Journal Logo


Self–Wrist Cutting Injury

A Traumatologic and Psychological Analysis

Gu, Ja Hea M.D., Ph.D.; Jeong, Seong-Ho M.D., Ph.D.

Author Information
Plastic and Reconstructive Surgery: April 2012 - Volume 129 - Issue 4 - p 763e-764e
doi: 10.1097/PRS.0b013e318245e8c5
  • Free



Self–wrist cutting injuries include all volar wrist lacerations from superficial to extensive deep injury caused by self-cutting associated with or without suicidal intent. This injury has special clinical significance because it has the potential to lead to devastating disability and repeated suicide attempts.1 To achieve optimum treatment outcomes, this injury should be evaluated and managed by considering simultaneous traumatologic and psychological aspects. In the present report, we review aspects of self–wrist cutting injury and describe treatment principles for balanced care.

A retrospective review of 72 patients who underwent treatment for self–wrist cutting injury at the Korea University Medical Center between July of 2001 and June of 2010 was performed. Traumatologic data including wound features and injured structures and psychological data related to behavior characteristics and mental status were collected. The patients were divided into three groups based on the severity of the injury (Fig. 1). Functional restoration of the hands was assessed using a hand functional grading system based on intrinsic muscle and sensory tests2 and tendon functional grading system.3 Each grade was translated into a numerical score, and the two grading system scores were added together to obtain a total score. Lastly, comparative analysis of various psychological parameters was conducted.

Fig. 1
Fig. 1:
Preoperative view of severe self–wrist cutting injury that is defined as an extensive deep injury involving complete transection of at least three major structures, including at least one nerve or a vessel. In contrast, an injury involving skin and subcutaneous fat layer is defined as mild injury and the remainder except mild and severe injury is defined as moderate injury.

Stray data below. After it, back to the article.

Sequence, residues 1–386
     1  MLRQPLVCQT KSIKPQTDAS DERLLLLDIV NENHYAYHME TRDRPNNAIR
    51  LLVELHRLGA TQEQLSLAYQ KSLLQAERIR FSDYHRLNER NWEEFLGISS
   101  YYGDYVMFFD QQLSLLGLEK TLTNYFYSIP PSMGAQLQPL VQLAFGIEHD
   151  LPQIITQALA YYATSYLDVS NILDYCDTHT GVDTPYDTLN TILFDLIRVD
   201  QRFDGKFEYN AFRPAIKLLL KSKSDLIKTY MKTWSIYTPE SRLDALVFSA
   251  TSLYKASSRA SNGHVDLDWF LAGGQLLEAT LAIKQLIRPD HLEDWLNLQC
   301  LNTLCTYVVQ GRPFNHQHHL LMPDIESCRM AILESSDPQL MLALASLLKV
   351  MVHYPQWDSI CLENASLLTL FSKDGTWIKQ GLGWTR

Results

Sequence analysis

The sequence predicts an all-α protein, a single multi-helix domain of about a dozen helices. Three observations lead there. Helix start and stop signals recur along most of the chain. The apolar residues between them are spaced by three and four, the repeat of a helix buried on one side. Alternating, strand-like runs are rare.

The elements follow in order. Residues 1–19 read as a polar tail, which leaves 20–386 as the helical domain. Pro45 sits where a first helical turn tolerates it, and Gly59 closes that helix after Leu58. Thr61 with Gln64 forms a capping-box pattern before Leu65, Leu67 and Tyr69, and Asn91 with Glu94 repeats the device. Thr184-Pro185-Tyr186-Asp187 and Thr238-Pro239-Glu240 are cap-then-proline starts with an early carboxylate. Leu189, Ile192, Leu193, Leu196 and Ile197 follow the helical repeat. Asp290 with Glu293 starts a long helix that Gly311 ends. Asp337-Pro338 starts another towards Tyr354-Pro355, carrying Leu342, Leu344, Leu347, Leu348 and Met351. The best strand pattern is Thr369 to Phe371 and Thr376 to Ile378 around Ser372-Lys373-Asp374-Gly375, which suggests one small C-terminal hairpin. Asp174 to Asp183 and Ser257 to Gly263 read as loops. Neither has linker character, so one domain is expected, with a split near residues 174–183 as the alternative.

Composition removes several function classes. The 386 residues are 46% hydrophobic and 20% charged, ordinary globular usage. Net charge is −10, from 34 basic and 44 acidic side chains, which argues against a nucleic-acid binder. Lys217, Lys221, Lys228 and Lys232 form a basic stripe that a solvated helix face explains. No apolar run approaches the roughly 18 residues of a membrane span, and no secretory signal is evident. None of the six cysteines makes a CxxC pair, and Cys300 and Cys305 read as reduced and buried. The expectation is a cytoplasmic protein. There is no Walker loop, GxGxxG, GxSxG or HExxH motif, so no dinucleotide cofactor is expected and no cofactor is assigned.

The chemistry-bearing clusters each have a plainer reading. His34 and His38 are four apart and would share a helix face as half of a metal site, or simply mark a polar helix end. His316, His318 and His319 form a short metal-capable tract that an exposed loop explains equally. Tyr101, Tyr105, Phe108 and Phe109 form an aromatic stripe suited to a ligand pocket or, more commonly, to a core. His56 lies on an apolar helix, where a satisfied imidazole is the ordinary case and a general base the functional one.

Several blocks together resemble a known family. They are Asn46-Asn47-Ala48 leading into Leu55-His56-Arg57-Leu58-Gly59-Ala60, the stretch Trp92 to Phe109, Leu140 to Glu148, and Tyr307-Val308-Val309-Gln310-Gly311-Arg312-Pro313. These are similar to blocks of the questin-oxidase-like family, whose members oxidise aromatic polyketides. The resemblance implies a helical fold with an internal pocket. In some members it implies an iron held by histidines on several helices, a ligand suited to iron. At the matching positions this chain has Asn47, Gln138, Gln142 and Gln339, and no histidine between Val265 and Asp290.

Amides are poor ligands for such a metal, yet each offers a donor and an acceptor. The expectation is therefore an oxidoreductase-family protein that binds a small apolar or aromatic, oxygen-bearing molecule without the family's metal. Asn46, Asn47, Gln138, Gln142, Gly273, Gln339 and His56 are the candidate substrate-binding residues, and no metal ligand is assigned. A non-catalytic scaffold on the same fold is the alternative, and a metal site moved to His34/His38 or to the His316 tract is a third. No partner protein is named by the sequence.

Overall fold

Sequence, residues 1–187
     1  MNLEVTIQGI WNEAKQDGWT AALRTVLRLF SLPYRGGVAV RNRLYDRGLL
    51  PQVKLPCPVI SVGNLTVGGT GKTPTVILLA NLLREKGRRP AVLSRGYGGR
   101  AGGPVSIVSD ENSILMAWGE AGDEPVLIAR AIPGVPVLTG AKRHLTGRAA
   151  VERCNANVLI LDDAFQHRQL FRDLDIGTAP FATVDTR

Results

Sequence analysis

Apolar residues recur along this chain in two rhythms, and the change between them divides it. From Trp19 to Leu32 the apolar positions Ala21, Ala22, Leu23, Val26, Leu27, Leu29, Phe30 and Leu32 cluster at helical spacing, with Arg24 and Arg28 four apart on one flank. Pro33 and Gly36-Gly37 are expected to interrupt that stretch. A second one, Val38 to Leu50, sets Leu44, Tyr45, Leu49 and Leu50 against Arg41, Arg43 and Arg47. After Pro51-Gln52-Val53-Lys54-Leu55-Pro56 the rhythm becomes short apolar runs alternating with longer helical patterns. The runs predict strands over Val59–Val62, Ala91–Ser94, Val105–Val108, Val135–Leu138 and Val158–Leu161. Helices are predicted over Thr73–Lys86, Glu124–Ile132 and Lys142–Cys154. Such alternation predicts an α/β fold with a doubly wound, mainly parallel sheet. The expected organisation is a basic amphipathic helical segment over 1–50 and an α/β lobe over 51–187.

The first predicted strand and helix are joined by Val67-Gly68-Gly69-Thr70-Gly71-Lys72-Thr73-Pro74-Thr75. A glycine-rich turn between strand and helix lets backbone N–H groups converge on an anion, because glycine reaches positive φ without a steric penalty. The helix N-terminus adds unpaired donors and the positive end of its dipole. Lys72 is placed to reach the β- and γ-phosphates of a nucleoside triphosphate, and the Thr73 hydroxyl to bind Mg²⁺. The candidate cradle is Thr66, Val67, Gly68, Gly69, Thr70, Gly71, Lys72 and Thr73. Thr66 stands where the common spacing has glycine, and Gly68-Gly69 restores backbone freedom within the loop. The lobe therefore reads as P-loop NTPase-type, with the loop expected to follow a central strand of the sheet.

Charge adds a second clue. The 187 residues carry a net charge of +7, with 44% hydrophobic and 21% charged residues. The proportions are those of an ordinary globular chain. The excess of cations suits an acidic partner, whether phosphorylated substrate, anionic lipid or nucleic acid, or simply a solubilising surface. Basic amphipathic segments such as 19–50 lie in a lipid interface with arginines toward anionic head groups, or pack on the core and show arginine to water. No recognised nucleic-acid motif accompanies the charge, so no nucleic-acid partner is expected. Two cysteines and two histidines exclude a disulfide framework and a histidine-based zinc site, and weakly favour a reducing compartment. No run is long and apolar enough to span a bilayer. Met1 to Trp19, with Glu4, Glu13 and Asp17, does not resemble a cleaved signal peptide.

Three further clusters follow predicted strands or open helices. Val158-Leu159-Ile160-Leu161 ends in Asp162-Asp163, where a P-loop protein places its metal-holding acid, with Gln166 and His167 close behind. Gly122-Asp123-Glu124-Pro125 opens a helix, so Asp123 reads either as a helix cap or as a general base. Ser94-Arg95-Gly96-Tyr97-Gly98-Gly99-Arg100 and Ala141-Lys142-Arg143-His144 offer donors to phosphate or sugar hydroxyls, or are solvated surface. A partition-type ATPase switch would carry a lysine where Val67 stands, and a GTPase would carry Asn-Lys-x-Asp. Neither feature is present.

Unlike previous studies,1,2,4 the laceration wounds were predominantly located on the radial side of the wrist, and central tendons such as the palmaris longus and the flexor carpi radialis were frequently injured. This may be because most patients supinate their wrists to cut their volar wrists. The number of patients in each severity group was as follows: 16 patients (22.2 percent) in the mild group, 37 patients (51.4 percent) in the moderate group, and 19 patients (26.4 percent) in the severe group. Functional outcomes are summarized in Table 1. Most patients (72.2 percent) obtained excellent or good functional recovery. Only five patients (6.9 percent) obtained poor results, but all of them suffered from severe functional loss. In particular, three of four patients who committed additional fatal suicide attempts obtained poor outcomes because the wrist treatment was delayed as a result of emergency care of associated injuries (Fig. 2). These findings show that rapid initial assessment and well-organized collaborative care with other specialists are crucial for preventing tremendous disability. Fourteen patients (19.44 percent) cut their wrists with suicidal intent, and three of them reattempted wrist cutting during follow-up. However, most patients cut impulsively without suicidal intent. Our results agree with previous findings that wrist cutting usually represents a low intention of suicide but instead reflects poor emotional regulation.5 Presence of suicidal intent was irrelevant to injury severity and functional recovery. This finding implies that all patients who cut their wrists need to be evaluated by a psychiatrist to uncover suicidal intent even though the injuries seem trivial.